Before the BCG (TB) vaccine is given, a Heaf test is first administered, often using a stamper tool which makes many small skin punctures to test the immune response. The stamper I received my Heaf test from strongly resembles that pictured in the 5th slide in this presentation.
I'm familiar with how the BCG (TB) vaccine is typically administered with a regular hypodermic syringe injection.
However, when I received my BCG vaccination (at the age of 9) I distinctly remember receiving my vaccination using a the same stamping tool as well, except the cap was red and not yellow. I think I remember the nurse administering the vaccine saying it was an experimental delivery system, but this might be a false memory or corruption. I do not have a BCG scar and apparently I do have some level of TB resistance (according to the second Heaf test I took at the age of 14).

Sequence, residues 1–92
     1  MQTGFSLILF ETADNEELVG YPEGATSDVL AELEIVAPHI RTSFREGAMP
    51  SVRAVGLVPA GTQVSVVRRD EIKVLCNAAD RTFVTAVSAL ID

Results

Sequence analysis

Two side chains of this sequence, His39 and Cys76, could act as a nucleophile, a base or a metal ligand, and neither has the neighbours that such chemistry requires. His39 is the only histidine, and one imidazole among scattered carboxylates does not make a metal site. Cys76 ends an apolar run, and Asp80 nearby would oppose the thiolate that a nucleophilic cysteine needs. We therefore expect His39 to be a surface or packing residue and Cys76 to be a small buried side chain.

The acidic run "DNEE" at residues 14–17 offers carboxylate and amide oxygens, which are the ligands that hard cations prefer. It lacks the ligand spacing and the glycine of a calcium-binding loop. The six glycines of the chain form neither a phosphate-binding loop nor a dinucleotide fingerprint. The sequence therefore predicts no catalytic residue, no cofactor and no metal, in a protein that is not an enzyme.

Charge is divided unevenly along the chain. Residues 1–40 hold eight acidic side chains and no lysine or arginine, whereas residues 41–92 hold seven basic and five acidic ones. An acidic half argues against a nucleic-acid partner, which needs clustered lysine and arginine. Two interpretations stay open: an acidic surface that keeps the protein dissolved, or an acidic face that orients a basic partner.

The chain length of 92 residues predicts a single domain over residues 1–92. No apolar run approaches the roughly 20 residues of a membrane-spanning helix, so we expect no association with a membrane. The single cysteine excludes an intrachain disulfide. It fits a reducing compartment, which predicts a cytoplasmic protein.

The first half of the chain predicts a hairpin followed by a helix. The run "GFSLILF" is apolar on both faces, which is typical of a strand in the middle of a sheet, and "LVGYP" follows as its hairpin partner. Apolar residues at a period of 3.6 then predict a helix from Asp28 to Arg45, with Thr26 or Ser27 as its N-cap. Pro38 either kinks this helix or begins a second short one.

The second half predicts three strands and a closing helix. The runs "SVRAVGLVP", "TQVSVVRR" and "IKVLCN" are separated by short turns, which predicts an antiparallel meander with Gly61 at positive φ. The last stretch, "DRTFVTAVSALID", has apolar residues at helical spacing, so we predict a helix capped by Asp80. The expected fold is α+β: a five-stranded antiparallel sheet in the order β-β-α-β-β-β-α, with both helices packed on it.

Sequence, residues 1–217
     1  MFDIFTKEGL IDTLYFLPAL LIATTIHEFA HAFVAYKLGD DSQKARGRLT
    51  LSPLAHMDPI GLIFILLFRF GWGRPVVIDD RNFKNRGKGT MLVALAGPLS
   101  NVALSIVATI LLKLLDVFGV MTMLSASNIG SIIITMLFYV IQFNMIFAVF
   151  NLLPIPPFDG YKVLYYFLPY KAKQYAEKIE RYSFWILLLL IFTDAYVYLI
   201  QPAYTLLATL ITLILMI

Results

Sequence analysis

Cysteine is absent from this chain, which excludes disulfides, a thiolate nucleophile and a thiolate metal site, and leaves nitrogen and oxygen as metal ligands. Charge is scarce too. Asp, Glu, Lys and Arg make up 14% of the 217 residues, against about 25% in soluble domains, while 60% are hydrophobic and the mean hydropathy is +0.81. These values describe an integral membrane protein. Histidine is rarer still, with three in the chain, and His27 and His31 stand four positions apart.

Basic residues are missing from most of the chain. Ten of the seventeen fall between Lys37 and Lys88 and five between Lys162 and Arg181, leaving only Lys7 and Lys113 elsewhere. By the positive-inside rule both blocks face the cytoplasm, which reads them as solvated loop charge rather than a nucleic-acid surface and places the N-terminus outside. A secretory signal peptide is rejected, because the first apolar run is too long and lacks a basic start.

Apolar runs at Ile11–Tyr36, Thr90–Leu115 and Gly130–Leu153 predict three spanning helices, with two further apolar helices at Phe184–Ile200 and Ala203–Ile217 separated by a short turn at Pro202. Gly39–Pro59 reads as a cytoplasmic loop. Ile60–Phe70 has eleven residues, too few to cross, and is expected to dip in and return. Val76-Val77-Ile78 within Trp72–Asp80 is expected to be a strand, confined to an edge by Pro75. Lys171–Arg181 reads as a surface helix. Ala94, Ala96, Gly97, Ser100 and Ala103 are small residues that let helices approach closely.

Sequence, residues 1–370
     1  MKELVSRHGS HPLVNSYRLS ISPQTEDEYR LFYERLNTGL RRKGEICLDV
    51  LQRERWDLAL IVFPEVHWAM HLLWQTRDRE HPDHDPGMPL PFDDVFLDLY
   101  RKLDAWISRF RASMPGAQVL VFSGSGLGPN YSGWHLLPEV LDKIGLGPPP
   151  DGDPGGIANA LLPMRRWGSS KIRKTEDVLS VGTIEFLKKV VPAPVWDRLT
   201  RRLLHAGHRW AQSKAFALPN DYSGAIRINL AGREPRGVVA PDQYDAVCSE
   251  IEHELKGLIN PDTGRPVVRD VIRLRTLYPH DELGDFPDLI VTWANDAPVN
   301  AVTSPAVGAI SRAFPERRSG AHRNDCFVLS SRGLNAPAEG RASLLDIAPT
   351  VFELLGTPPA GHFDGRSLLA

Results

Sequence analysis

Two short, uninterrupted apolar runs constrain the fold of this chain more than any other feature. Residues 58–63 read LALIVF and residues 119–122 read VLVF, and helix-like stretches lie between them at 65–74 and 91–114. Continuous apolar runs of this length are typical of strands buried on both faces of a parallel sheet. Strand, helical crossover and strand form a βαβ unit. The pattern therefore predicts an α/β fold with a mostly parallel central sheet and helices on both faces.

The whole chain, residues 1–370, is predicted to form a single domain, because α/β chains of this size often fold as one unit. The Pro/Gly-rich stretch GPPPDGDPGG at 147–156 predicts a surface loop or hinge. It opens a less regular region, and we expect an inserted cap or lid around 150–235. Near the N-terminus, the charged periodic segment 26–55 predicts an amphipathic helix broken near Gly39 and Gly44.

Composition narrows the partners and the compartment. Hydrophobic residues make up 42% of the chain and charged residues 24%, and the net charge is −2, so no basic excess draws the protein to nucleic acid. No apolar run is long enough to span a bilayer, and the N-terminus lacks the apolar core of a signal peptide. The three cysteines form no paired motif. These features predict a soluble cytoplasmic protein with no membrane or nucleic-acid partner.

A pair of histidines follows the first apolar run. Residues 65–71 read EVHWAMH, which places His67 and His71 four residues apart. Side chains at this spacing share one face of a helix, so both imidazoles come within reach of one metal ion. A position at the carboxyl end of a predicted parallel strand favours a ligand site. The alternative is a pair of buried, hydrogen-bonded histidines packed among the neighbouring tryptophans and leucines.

I could not find any information about the BCG vaccine itself being delivered by any kind of stamping tool and I'm curious what exactly happened, and why the stamper isn't used (is it ineffective? is it too expensive? is it not having a scar worth it?)